The poster boy for being a hot biotech stock, as well as for charging outrageous amounts of money, is California-based Gilead Sciences Inc. (NASDAQ─GLD). For instance, Gilead now charges US$94,500 for a 12-week course of Harvoni, its drug for treating hepatitis C.
Not only does Harvoni cure the majority of people with the most common type of hepatitis C in only three months, but it does so with few major side effects.
Moreover, Harvoni’s predecessor, Sovaldi, which was OK’d by the U.S. Food and Drug Administration in December 2013, was no bargain either. It cost US$84,000 for a 12-week course of treatment, or exactly $1,000 a pill.
With over three million hepatitis C victims in the U.S, as well as more than 150 million elsewhere in the world, the illness is obviously a money-maker. Sales of Gilead’s hepatitis C drug hit US$4.6 billion in the first quarter — double that of the year before. And the company now sees its revenue for 2015 ranging between US$28 and $29 billion.
Gilead’s market cap has soared six fold over the past five years, peaking at US$180 billion earlier in 2015, leaving many older health-care companies in the dust.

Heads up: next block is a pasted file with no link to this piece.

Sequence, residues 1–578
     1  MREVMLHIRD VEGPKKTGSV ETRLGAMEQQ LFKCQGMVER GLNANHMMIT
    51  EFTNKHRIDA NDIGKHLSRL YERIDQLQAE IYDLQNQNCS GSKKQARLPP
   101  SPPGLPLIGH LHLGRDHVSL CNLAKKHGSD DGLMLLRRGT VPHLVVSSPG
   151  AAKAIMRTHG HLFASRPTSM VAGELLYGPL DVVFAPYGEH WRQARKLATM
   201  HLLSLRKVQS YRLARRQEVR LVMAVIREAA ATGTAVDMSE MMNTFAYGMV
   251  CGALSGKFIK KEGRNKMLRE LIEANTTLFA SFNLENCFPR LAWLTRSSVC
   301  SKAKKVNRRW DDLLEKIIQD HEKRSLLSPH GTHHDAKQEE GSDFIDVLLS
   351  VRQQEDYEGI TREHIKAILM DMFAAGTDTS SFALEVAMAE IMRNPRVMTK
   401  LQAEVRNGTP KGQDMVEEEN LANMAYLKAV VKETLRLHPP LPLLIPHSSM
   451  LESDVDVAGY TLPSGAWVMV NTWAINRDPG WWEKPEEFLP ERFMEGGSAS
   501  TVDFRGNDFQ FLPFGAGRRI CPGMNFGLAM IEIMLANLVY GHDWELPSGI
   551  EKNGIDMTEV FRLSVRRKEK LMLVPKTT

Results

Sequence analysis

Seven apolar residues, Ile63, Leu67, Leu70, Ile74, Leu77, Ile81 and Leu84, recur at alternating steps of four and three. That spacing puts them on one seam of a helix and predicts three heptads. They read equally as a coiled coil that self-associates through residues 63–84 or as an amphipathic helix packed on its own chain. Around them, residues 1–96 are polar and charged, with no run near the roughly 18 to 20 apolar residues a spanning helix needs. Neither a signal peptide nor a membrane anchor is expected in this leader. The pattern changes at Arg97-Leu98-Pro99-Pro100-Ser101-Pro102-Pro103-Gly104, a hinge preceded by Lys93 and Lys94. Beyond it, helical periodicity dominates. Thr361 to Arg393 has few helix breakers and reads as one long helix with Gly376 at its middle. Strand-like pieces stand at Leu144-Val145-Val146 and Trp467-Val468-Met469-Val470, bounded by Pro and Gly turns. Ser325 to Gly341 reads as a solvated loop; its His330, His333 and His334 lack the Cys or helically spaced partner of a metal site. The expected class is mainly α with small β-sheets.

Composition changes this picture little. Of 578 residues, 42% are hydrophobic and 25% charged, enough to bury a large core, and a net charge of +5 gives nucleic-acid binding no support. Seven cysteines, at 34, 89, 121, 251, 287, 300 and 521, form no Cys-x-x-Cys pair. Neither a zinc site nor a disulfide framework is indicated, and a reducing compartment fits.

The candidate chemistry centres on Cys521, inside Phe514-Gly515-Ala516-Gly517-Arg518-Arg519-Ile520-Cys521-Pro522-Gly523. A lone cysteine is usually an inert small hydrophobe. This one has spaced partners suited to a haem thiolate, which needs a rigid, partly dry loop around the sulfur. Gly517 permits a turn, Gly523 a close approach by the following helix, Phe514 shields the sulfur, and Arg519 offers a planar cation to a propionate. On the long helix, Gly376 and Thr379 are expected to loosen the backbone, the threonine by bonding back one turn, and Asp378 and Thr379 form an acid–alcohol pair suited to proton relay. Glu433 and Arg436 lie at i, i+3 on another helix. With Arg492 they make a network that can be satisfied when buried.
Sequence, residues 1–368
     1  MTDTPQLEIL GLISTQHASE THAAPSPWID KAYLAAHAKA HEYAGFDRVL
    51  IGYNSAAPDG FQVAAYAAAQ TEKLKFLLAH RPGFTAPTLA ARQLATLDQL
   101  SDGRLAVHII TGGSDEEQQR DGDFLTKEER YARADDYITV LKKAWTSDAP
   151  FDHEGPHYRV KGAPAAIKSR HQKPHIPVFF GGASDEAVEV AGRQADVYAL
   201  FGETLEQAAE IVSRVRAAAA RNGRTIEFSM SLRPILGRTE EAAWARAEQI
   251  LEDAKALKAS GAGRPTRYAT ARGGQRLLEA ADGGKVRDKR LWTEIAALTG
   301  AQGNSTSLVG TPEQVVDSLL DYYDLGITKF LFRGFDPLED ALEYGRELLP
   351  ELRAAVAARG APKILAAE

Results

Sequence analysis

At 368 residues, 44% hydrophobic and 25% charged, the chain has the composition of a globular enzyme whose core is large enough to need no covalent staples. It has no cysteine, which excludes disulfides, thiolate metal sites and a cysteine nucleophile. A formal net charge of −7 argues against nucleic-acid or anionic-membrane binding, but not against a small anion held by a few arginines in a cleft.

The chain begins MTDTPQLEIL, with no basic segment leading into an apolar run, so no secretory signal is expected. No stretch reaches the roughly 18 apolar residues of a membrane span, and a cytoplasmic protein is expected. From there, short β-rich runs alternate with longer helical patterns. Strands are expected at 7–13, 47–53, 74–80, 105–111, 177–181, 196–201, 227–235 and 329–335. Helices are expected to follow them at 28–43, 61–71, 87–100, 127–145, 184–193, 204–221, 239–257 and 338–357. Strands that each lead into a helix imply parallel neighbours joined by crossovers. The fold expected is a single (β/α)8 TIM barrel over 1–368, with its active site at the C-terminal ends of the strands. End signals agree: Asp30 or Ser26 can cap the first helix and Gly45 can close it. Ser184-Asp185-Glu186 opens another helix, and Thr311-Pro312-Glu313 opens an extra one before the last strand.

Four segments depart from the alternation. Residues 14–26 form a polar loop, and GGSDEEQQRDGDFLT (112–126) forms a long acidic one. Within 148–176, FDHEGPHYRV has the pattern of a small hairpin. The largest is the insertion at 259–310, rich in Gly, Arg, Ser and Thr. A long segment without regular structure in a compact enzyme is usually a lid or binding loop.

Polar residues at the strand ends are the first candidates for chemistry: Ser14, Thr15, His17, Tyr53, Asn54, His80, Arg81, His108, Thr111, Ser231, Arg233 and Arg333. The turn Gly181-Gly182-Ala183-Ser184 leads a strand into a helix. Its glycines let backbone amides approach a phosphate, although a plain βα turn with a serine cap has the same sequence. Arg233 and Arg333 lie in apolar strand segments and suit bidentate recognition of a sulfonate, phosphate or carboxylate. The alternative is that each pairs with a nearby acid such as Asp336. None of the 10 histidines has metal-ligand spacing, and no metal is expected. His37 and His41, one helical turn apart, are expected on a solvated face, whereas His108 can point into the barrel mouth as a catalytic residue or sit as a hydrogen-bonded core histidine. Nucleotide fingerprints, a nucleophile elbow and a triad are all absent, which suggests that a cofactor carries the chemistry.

Gilead’s stunning success has made it the target of a growing backlash from patients who cannot afford the medication, or who are refused coverage by insurers.
But patients with chronic illnesses are clamouring for novel medications, even if they cost thousands or tens of thousands of dollars — provided, of course, that their insurers pay up. After all, what price can be put on getting cured of a severely debilitating illness, or a terminal one?
Orphan drugs for treating rare diseases
At the other end of the spectrum, outfits that specialize in orphan drugs — that is, drugs for treating rare diseases — have also been raking in the cash. That’s because insurers aren’t averse to paying for these treatments, given that rare diseases, unlike say, cancer, affect only a small part of the population.
Moreover, orphan drug makers face little, or no, competition. Besides, they often receive tax breaks, years of market exclusivity, as well as fast-tracking by the FDA. Not surprisingly, EvaluatePharma, a U.K.-based provider of market intelligence, sees global demand for prescription orphan drugs jumping to US$176 billion over the next five years — an increase of more than 60 per cent.